36 weeks, aka 2.5 weeks old
Tomorrow marks Z’s gestational age of 36 weeks — i.e., the day by which we thought she should be home.
I should know better now than to say “should,” though I still can’t help myself.
She does seem like a different baby than she was two weeks ago, soon after birth. The nurses we’ve had more than once agree. She is more alert and responsive when awake. Her face is filling out (though she is still tiny). Her color is beautiful. Her little personality is emerging. She has been eating more by mouth. But she still can’t get all of her feedings down without help from the tube in her nose that fills her tummy…
…but that didn’t stop her from pulling the thing out AGAIN last night.
Last time she pulled the tube out, they replaced it right away. It was awful. I mean sure, I was proud of her for being so feisty, but she cried so hard when they replaced the tape on her delicate little cheek, which made me cry as I felt so helpless. Then they had to x-ray her again to ensure it was in the right place. No one wants to see their baby in pain, or expose them to radiation. Much as I hate that damn tube, I didn’t want her to yank it out again.
Yet this time rather than replacing the tube, the night nurse, bless her, thought they should give her a chance to take more by mouth. The nurses are supposed to give the babies 30 minutes to get a feed down by mouth before they supplement the rest by tube. This is so they don’t waste too many precious calories working so hard to eat. If they lose weight, it defeats the purpose. But not all nurses have 30 solid minutes to feed one baby, nor do they all have such patience to keep trying to wake them up when they begin to doze. They have other babies to care for too. So they switch to the tube.
Today her nurse was so patient, giving her a full half hour to get bottles down when I wasn’t there. She worked hard to keep her awake, to give her breaks. And little Z did pretty well. She couldn’t get it all down, but she showed signs of progress.
We’ve been working so hard on breastfeeding too, though I am only there for two meals per day. She has done well, but she is still inconsistent. Sometimes I just feel so defeated as I sit there, trying to wake her from a comfy snooze on mama to nurse. “Come on, Z, time to eat,” I tell her. “This is how you’re going to get big and strong, Z, big and strong so you can come home with mama, dada and big sister.” I know that if she doesn’t eat, the tube goes back in, and she can’t come home. Simple as that.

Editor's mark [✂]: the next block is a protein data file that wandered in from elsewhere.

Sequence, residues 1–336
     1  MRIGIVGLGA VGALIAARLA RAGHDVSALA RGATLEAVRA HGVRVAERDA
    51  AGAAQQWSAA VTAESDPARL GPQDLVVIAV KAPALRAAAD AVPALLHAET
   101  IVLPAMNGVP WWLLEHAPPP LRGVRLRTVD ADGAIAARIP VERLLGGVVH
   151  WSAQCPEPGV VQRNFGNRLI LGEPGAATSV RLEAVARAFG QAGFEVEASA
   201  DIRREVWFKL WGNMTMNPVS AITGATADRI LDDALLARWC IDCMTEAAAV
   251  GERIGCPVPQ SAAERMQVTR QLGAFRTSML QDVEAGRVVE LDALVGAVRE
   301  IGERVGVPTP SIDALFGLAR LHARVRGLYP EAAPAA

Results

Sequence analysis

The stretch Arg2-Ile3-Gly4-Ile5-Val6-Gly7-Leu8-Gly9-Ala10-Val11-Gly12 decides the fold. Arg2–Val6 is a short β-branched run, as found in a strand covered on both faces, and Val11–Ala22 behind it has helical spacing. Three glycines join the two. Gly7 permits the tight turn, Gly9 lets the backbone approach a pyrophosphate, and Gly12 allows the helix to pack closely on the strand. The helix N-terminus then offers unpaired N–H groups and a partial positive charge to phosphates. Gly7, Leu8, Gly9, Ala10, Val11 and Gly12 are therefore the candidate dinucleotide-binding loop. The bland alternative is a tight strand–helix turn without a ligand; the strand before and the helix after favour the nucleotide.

This morning, Z’s pediatric team approved keeping the tube out for 24 hours to see how she does. They want to see babies off the tube for up to a week before they can go home. So Z has to both eat well by bottle and breast AND gain weight. Consistently.
When we saw her today, without any tubes covering her little face, I finally saw her. I mean, I’ve examined every millimeter I could, but she is still covered with monitors and wires and connected to very large machines. Until today, a tube has been taped across her cheek and into her nose. Yet when I saw her precious little face, I happily kissed her bare cheeks and thought this little girl is coming home with us. Not today, not tomorrow. But soon. I felt so hopeful.
Now is really time to prove herself, to show whether she is nearly ready to come home. So this could be one step closer, OR a setback indicating she just isn’t ready yet.
Even though I’m hopeful, I’m afraid she’s just not there yet. She’s working so hard, but some of her feedings are still incomplete. Every morning I call and ask about her meals and her growth. My fear is that tomorrow morning they’ll tell me they have to re-insert the tube because she didn’t eat enough and lost weight.
The reality is I know she can’t come home until she’s truly ready. We don’t want to get home and worry about every single calorie, every ounce of weight. We certainly don’t want her to have to go back.
Either way, it’s all on her schedule. It’s really up to her now. It always has been.